Asthma also causes Airway irritability. The airways of people with asthma are extremely sensitive. The airways tend to overreact and narrow due to even the slightest triggers such as pollen, animal dander, dust, or fumes.

Emphysema changes the anatomy of the lung in several important ways. This is due to in part to the destruction of lung tissue around smaller airways. This tissue normally holds these small airways, called bronchioles, open, allowing air to leave the lungs on exhalation. When this tissue is damaged, these airways collapse, making it difficult for the lungs to empty and the air (gases) becomes trapped in the alveoli.


Blood Vessels

Blood Vessels



  • Carry blood from the heart to the rest of the body
  • Their cell walls are made up of layers, all of which are used to maintain the pressure of the blood
  • They an elastic layer which can stretch to ensure that the arteries do not burst under the high pressure of the heart
  • All arteries, except for the pulmonary artery, carries oxygenated blood


  • Carry blood from the arteries to more specific regions of the body
  • They an elastic layer which can stretch to ensure that the arteries do not burst under the high pressure of the heart
  • They can control the rate of blood going into certain regions through constriction or dilation of the muscle layers.


  • Carries blood from the body back to the heart
  • They are under low pressure with wider lumens compared to the arteries.
  • They do little elasticity or muscle layer.
  • Muscle contractions from muscles around the veins encourages deoxygenated blood to be pushed back towards the heart
  • The veins contain valves that prevent backflow


  • Carries blood from the arterioles to the cellular level to exchange the contents, i.e. oxygen, into the tissue fluid.
  • They have walls which are only one cell thick therefore decreasing the diffusion pathway
  • There is a large network of capillaries to increase the surface area for exchange. Lots of capillaries together in a network are called capillary beds

The Walls of Veins and Arteries

  • Tough Fibrous: Both of the veins and the arteries have equal sized outer layers. The particular presence of the outer layer maintains the pressure of the artery so it cannot rupture
  • Muscle Layer: The muscle layer is thicker in the arteries and can be constricted and dilated in order to control the volume of blood within
  • Elastic Layer: The Elastic layer is ticker in the artery and is used to deal with the high pressure from the heart.
  • Valves are only found in the veins to prevent backflow from the reduction in pressure
  • The lumen is larger in the veins compared to the arteries

Gas Exchange in Fish

Gas Exchange in Fish


  • Fish have thick skin that enable them to be waterproof however the result of this is gases cannot readily diffuse through the skin.
  • Fish also have a small surface area : volume ratio
  • Body surface therefore cannot supply adequate amount of respiratory gases


Structure of the Gills


  • The gills are located within the body of the fish behind the head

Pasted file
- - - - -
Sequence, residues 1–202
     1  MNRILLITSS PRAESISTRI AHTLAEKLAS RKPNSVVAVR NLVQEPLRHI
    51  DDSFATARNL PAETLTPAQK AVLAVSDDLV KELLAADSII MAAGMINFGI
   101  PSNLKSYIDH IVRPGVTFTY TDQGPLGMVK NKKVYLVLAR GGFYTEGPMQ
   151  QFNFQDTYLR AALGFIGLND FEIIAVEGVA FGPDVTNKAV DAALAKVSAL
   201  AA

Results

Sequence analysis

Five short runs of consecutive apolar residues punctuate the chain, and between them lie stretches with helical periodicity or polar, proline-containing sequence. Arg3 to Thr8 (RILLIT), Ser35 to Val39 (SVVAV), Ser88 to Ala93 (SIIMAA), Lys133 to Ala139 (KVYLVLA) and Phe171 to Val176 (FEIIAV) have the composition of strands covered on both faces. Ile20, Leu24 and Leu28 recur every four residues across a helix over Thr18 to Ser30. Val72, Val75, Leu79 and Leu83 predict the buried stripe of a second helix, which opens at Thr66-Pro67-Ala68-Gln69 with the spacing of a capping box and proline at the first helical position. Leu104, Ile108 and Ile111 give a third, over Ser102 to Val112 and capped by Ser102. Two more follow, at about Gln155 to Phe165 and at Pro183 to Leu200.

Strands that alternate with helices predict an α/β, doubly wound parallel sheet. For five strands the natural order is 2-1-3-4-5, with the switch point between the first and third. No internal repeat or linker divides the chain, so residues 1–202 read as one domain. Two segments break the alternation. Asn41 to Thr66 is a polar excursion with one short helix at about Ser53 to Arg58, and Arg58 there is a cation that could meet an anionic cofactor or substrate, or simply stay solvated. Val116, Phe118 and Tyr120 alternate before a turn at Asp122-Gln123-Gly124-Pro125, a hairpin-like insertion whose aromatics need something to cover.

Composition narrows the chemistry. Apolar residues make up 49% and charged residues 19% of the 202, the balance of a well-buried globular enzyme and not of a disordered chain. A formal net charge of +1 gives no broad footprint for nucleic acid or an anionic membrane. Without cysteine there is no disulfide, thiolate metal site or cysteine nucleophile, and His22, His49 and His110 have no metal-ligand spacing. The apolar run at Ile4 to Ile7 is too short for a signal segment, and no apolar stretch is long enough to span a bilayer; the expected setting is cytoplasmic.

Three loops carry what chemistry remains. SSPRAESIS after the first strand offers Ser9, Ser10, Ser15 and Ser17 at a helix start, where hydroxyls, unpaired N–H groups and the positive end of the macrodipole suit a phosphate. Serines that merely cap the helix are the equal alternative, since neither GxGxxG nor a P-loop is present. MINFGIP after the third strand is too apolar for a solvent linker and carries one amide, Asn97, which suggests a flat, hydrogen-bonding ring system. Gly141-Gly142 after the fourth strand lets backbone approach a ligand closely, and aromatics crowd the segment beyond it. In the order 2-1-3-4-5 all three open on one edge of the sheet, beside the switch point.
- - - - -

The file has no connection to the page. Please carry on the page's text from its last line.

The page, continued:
• They are made of gill filaments. These gill filaments are stacked up in a pile
  • At a right angle to the filaments are the gill lamellae which increase the surface area of the gills
  • Water is taken through the mouth and is forced over the gills and out through an opening on each side.


The gills of a fish are efficient at gas exchange as they have a large surface area with each lamellae. They also have a short diffusion pathway which further increases the gas exchange efficiency. The countercurrent flow maintains a high concentration gradient throughout, with the circulatory system moving the blood saturated with oxygen away with the ventilated water being replaced with new water, all to ensure gas exchange is effective and efficient.

Countercurrent Flow

Countercurrent flow means the blood flows in the opposite direction to the flow of water

The concentration of oxygen in the water compared to the concentration of oxygen in the blood is always higher, therefore a concentration gradient is maintained right across the surface. As seen above, when there is 100% oxygen saturation in the water when it enters, the blood is almost as saturated at 90% so there is a concentration gradient. At the next stage where the oxygen has donated 10% to the blood, the water now has 90% but the blood has 80% so again there is a concentration gradient. This continues along the entire surface. Equilibrium is never reached and diffusion of oxygen from the water into the blood is constantly occurring

Concurrent Flow (parallel System)

Concurrent flow means the blood flows in the same direction to the flow of water

When the blood flows in the same direction as the blood the concentration gradient diminishes to a point where the percentage of oxygen is equal in the blood and the water. Equilibrium has been reached, and therefore there is no concentration gradient so there is no net movement of oxygen.



A potometer is used in measuring the rate of transpiration of a plant



  1. A leafy shoot is cut whilst underwater to ensure that water does not touch the leaves
  2. The potometer is filled with water with no air bubbles inside
  3. Using a rubber tube, the leafy shoots are fitted to the potometer whilst underwater